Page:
Local E-Bike Vouchers Now Available!

The Collector

April 5, 2024

Local E-Bike Vouchers Now Available!
The Redwood Coast Energy Authority launched its new e-bike incentive program this week, providing financial assistance for local residents interested in buying an e-bike. Vouchers range from $150 to $500, depending on your income, with a few vouchers of up to $1,000 available for people who need a special adaptive e-bike. You can find all the details here. Apply now if you’re interested – they’re expected to go fast.

Meanwhile, the long-delayed statewide e-bike incentive program has still not launched, although officials say it will happen soon. That program will offer vouchers of up to $2,000, depending on your income and the type of e-bike you buy. Theoretically you will also be able to combine state and local vouchers, but we suspect the local program may run out of funds before the state program launches.

Draft Master Plan for Great Redwood Trail Published
The draft plan describes the design concepts for different trail segments, which will pass through environments ranging from urban neighborhoods to wilderness areas, and lays out priorities for which segments to develop first. CRTP has always been a big supporter of the Great Redwood Trail. We’re still reviewing the draft plan, but we’re particularly excited about the possibilities for building more commuter trail segments connecting local neighborhoods and communities.

You can review and comment on the draft trail plan here. You can also learn more about the plan and provide input at a public meeting next Tuesday evening at the Sequoia Conference Center in Eureka. Details about that event can be found here.

Car-Free Plaza for Saturday Farmers Markets
Starting on April 20th, the Arcata Plaza will close to vehicles during Saturday farmers markets. This common-sense measure will improve safety for both market vendors and attendees, and will help create a more welcoming community space. To celebrate, CRTP will be providing bike valet at the market on April 20th.

Long-time CRTP supporters will remember that the effort to create a more vibrant, pedestrian-friendly Plaza was one of our first campaigns, starting way back in 2017. As part of that campaign, we worked for several years to support the North Coast Growers Association’s efforts to create a car-free Plaza during Saturday markets. We’re excited to see it finally happening!

Street Story Can Also Be Used to Report Safe Places!
In addition to reporting crashes, near-misses, and hazards on the road, the Street Story platform can also be used to report streets that you do feel safe on – whether you’re walking, biking, using a mobility device, or getting around any other way. Safe place reporting helps us understand what areas are doing something right and where people might be traveling to avoid other streets they don’t feel safe on. This is all helpful and useful information to get insight on the community’s travel experiences. If you haven’t been in a crash and can’t think of any hazard areas, consider reporting a road or intersection where you feel safe! Join our Safety Sunday campaign by taking 5 minutes out of your Sunday to make reporting a routine. La versión de Street Story en español está disponible aquí.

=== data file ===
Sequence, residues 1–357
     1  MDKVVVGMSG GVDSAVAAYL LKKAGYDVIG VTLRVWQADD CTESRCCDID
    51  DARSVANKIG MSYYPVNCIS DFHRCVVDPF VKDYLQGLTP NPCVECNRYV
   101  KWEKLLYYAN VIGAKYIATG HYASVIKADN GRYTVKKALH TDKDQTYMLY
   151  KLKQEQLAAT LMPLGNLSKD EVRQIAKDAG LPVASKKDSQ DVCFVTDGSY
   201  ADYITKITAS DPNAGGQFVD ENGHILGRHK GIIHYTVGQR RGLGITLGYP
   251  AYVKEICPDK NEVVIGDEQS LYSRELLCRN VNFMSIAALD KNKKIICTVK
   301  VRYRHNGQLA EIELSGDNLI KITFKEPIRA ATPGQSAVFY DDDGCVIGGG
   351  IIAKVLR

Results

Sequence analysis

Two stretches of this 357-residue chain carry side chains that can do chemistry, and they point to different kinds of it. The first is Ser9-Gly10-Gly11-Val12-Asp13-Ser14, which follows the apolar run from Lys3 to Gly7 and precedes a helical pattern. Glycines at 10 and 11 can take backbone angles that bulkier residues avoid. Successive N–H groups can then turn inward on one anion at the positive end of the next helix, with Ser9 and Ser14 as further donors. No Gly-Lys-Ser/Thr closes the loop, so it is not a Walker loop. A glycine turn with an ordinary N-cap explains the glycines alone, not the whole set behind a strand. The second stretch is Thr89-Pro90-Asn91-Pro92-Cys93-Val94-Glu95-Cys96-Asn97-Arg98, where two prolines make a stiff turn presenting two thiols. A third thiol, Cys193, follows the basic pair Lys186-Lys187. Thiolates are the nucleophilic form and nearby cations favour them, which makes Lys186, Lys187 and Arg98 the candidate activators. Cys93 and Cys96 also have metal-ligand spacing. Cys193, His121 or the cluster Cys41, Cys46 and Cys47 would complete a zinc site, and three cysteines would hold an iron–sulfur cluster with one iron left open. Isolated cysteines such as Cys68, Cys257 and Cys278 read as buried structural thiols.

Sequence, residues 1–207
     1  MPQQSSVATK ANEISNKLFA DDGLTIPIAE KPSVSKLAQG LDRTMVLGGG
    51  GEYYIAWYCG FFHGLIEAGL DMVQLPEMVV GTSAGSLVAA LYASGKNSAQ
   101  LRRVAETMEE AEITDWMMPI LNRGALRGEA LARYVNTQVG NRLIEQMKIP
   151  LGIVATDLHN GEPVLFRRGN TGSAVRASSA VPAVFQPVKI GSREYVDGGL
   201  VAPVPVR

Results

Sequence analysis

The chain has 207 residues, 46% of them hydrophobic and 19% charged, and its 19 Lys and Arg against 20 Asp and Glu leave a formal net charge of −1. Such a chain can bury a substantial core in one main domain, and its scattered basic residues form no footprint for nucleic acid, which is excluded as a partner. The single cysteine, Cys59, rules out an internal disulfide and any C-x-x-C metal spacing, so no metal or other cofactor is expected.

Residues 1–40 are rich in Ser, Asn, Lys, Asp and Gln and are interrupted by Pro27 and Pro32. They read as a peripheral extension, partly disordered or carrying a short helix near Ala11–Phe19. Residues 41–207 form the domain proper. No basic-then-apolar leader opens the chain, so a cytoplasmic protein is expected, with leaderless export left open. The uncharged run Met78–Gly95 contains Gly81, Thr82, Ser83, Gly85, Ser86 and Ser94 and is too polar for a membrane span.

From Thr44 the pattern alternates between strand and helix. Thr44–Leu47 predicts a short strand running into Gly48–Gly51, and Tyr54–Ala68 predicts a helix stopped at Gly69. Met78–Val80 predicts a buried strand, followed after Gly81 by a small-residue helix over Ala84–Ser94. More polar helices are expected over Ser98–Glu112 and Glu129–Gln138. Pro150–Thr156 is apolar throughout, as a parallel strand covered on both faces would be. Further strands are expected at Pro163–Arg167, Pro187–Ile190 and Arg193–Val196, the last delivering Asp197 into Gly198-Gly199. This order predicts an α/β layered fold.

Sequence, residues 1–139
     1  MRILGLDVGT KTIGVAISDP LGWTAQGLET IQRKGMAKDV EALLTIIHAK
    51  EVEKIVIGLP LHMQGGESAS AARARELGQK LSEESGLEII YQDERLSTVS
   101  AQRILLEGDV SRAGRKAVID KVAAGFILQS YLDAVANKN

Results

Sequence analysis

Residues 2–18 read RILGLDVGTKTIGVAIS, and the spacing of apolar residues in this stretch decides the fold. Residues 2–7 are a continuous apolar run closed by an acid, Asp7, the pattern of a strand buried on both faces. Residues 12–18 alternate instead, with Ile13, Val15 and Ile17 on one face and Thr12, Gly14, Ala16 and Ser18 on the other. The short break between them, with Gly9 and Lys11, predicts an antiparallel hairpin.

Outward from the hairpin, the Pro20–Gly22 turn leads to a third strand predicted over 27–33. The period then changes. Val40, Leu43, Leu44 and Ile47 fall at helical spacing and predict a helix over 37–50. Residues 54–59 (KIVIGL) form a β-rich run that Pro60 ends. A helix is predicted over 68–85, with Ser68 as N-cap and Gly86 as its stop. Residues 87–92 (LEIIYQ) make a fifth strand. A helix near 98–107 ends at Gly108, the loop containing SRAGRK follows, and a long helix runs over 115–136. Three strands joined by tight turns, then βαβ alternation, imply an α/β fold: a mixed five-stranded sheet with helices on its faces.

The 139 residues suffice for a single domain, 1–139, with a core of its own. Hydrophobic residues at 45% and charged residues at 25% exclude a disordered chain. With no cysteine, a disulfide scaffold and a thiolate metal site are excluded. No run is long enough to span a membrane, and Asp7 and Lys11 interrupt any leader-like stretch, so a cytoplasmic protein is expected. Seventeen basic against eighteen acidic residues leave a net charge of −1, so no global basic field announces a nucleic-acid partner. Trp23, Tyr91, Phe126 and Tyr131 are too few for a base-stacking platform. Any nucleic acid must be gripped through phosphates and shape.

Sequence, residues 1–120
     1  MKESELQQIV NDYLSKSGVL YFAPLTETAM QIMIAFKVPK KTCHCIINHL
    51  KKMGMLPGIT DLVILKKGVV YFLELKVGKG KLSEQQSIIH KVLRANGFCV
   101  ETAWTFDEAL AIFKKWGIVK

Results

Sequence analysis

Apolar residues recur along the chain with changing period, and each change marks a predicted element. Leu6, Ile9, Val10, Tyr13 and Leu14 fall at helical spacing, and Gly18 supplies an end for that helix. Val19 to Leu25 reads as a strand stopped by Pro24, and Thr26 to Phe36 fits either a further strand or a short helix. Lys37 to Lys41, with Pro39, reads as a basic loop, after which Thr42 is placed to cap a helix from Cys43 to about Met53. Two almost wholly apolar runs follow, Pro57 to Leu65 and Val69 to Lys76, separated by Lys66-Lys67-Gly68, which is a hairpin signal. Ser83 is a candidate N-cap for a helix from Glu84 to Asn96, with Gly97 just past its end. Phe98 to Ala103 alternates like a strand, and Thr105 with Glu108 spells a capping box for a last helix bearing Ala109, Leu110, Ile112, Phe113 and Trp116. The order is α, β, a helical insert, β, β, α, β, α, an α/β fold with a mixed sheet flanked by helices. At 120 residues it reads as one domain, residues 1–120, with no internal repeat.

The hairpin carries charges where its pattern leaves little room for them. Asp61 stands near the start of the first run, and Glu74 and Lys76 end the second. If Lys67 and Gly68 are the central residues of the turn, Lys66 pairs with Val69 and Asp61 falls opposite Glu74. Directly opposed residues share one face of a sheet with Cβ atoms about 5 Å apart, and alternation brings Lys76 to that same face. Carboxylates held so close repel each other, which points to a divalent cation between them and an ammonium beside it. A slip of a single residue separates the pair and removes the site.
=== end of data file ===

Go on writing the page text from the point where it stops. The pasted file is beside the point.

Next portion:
News from Beyond the North Coast

State Leaders Propose Cuts to Climate and Transit Funding
The state is facing a major budget deficit, and a lot of programs will be on the chopping block in the coming months. But we’re deeply disappointed that climate and public transit funding programs are among the first, supposedly least controversial cuts proposed by the governor and legislative leaders. As we reported last week, transit systems need major new state investments if we are to have any chance of reducing pollution enough to avoid catastrophic climate change. The last thing we need is more cuts and delays to transit and other critical climate funding programs.

We Need to Stop Taking Traffic Deaths for Granted
The collapse of the Francis Scott Key Bridge in Baltimore killed six road workers and has prompted national soul searching. But another recent incident in which a speeding driver killed six road workers on the same highway prompted no interest from the national media. Traffic deaths are a daily occurrence that many Americans barely even notice any more.

And some deaths are even more invisible. The US Department of Transportation recently proclaimed that over 42,000 road deaths in 2022 marked an “improvement,” because that number is just the tiniest bit smaller than the record set the previous year – but failed to note that bike and pedestrian deaths increased yet again that same year. And some deaths, like those of disabled pedestrians, apparently matter so little to public officials that they are not even counted.

We need to stop ignoring traffic deaths, and to start paying closer attention to the risks faced by the most vulnerable members of our communities. We should treat every death on our streets and highways with the same seriousness that we are treating the Baltimore bridge collapse – and with the same urgency to implement solutions.

The Collector is CRTP’s weekly transportation news roundup, published every Friday. We focus on North Coast news, but we also include relevant state, national and international transportation news – plus other items that we just find kind of interesting! To submit items for consideration, email colin@transportationpriorities.org.